Number of Players: 1-3
Time: 2-4 hours
Game Type: Diplomacy
Gamer Type: Committed
World War II has spawned its share of games. Some good, some bad. Most of these games take a look at the sequel to the Great War as a snapshot: who wins, who succeeds, and who controls the world during the Cold War. However, World War II did not happen in a vacuum. It was a political event that changed the landscape of politics for the next approximately 100 years. GMT’s Churchill looks not only at the politics of the war itself, but also at the impact of the war – which makes for a very interesting scoring system.
The story falls in line with many of the other World War II storylines. You play a leader – Roosevelt, Stalin or Churchill – as you protect the world from the Nazi scourge. The politics revolve around the choices during the war in a series of conferences. While the conferences are based on real events, the results can deviate from actual history. The choices each leader makes can turn the tide of the war, ending it after 10 conferences or after both Germany and Japan are defeated. The historical notes are ever-present, but the choices help you write the story. 8 of 10.
As with all GMT games, the box design is brilliant. Most GMT games have a same H*L dimension which makes them look stunning on the shelves. The box art for this game is stark, which is fitting for World War II. As with most GMT games, there are military chits which move across a military map; this gives a strong feel for the war gamers out there. The cards are historical stills – while I am not usually a fan of stills, they play well in this game. The feel of the game – as odd as it is to say this – is bureaucracy, which is perfect for the theme of the game. This draws you into the politics as much as it draws you into the warfare, which is a great balance for the period of time. 8.5 of 10.
This game uses a unique multi-board structure to carry out the actions of the game. Not that the concept of multiple boards is unique – this is vouge in gaming right now – it is that the boards are directly tied together and the effects of one (the politics board) are played out on the other (the war board). The randomizer in this game is the cards, which should appease the Eurogamers. In the game, there are a series of conferences. In these conferences, leaders place event cards (issues) on the board and then use their staff cards to move the issue in their favor. This allows the players to see who has won the conference. The victors of the conference move the needle of control on the war map based on how the issues are determined. This creates a high level of variability, which can help earn score in the game.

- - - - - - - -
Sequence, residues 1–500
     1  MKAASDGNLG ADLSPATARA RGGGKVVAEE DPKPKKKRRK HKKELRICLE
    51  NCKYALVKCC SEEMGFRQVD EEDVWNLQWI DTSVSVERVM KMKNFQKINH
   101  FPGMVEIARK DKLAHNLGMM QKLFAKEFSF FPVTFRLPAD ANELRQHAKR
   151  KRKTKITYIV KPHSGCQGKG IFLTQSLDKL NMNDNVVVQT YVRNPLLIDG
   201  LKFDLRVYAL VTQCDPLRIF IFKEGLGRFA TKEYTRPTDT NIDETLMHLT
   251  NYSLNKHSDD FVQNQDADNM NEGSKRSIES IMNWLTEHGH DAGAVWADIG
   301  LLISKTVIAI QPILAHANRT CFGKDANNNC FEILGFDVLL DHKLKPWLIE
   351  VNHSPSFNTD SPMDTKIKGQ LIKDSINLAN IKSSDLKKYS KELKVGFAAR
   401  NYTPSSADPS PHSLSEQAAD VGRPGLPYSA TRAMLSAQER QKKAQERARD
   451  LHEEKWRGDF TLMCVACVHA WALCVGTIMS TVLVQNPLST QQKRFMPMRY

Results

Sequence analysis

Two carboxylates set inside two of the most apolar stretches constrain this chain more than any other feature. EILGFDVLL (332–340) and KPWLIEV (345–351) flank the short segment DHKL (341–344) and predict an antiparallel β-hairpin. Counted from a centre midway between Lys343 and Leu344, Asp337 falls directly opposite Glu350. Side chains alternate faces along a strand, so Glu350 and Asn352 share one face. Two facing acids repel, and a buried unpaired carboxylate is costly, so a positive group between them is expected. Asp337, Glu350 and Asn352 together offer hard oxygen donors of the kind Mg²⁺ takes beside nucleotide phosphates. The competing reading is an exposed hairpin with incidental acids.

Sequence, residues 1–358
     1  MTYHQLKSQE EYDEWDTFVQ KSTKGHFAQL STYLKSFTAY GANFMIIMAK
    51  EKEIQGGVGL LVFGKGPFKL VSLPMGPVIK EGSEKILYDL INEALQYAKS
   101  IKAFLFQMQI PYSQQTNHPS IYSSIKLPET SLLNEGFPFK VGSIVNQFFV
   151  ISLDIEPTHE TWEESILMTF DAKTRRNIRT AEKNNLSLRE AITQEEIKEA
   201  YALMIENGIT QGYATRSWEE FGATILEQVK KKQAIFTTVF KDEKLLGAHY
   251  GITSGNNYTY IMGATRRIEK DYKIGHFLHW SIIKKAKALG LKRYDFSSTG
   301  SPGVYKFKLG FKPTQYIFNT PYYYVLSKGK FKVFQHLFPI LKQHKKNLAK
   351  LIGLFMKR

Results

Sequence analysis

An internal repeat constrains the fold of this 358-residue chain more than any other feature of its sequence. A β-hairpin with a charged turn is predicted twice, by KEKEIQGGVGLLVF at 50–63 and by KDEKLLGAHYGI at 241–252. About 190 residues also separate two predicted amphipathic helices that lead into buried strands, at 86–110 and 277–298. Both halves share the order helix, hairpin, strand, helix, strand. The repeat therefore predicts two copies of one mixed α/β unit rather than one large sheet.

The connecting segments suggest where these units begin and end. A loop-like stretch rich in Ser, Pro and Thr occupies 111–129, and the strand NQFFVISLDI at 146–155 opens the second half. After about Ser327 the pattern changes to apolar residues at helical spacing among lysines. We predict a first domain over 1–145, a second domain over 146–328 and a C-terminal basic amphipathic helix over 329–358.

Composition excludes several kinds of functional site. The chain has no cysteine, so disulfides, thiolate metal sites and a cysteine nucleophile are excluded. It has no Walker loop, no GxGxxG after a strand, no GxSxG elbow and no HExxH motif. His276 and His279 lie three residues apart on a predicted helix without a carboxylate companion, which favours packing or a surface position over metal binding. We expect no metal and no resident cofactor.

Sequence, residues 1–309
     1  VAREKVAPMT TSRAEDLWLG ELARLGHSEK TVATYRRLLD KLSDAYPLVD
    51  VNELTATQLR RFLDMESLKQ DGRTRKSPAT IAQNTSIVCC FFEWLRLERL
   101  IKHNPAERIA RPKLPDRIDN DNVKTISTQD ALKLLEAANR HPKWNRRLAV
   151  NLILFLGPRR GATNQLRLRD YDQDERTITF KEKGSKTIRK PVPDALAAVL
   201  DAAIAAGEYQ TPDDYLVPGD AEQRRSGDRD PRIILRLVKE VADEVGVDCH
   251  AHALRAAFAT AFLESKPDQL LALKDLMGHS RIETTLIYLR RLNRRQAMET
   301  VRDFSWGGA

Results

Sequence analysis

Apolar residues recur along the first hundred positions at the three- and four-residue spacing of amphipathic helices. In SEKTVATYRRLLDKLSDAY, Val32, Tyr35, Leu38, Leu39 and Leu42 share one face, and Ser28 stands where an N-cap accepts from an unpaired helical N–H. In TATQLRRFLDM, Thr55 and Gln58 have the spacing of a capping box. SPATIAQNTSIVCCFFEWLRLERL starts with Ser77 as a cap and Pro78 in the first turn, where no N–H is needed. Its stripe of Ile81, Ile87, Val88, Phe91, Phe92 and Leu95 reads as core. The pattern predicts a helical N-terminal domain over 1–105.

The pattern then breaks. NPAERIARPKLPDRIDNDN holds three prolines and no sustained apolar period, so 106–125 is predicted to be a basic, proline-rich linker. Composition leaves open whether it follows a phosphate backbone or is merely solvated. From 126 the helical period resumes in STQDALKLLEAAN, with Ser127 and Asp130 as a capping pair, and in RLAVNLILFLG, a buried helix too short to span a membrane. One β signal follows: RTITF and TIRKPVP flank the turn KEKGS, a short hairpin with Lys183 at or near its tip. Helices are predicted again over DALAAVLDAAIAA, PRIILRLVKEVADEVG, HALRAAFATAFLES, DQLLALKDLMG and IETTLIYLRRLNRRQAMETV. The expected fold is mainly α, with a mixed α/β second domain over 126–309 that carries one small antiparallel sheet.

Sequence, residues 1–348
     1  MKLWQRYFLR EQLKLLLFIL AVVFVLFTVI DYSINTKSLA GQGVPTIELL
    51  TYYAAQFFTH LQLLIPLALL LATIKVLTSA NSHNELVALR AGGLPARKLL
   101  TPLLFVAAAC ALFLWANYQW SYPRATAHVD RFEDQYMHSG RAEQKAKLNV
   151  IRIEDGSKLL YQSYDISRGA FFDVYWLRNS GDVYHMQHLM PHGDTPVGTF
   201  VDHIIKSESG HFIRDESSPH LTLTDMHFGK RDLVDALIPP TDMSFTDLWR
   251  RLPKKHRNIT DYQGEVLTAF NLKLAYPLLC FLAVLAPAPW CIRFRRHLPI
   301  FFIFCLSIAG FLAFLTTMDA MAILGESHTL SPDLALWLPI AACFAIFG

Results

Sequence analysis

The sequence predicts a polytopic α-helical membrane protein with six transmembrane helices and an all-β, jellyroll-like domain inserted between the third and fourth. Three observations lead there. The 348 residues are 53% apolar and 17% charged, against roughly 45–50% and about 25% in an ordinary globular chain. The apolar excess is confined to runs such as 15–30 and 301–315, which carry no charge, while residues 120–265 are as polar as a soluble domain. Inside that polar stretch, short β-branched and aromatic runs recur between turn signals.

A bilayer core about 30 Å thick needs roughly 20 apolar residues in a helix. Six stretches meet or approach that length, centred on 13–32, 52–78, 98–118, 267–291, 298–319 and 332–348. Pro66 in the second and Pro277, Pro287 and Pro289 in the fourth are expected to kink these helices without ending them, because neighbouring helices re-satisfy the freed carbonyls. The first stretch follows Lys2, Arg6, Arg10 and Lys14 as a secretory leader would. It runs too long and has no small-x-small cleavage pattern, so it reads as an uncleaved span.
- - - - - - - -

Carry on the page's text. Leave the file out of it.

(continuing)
The most unique feature is the scoring mechanism, which may be one of the more complex systems I have seen. Having the most points at the end of the game is not enough to win. Depending on whether the Axis surrendered or if the time runs out, you have two different sets of rules. In some cases, having the highest score pays off, in other cases, it causes the other two teams to unite against you in the after-effects of the war (the Cold War). This means you have to win big – or have the right political ending to win. As in world politics, this makes diplomatic gamesmanship one of the most difficult aspects to predict; you may not know the winner (even if its you) until the final scores are tallied. 8.5 of 10.
Oh, how do I play my cards? In each round you get your leader and seven cards (six if you actually use your leader). This lets you move the seven issues more in your favor. With only one pass, you need to decide what to do with your staff to move the needle in your direction the best you can. Offense is a strong strategy for the Brits and the Soviets, as both of their abilities play well in this area. Conversely, defense favors the United States, whose ability lets them win ties (or pick the winner of they are not in the issue). Rush can be played out, if there is an issue you really want to ensure is placed somewhere, and engine building revolves around what order you play your staff cards and how you use your ever-important pass. Further, you need to be careful where your score is – are you going for a massive score to leave the other two players in the dust or are you going to have to “play it cool” to ensure when the dust settles you are in the best position possible? 8 of 10.
Political games are interesting. First of all, there are not many of them. Second, they are complicated. Third, they can leave hard feelings at the end of the game. To this point, I have not seen a “Holy Grail” game in this area that balances out the “perfect” diplomatic game. Churchill comes very close to this. The mechanics of the game integrate in a way that makes sense. While it is complex, once you play a few rounds it cleans up well. It also alleviates the “hard feelings” as players are playing collaboratively, but also competitively – so you see a lot of “frenemy situations” – just like the real war. 7 of 10.
This is a strong game, one of the stronger games I have reviewed this year. While it is not a quick pick-up-and-play game (the boards take a while to sort), it is a good game for players who want to commit the time. With a score of 40, this game is a solid offering in both the war game and diplomacy segments of the market. As with all GMT games, you get what you pay for and this is a superior game which you will not find at many off-the-shelf stores. It takes time to read the rule book, but once you do, you have a great game which has ample replay value for you and your friends. Also note that there are autonomous rules.
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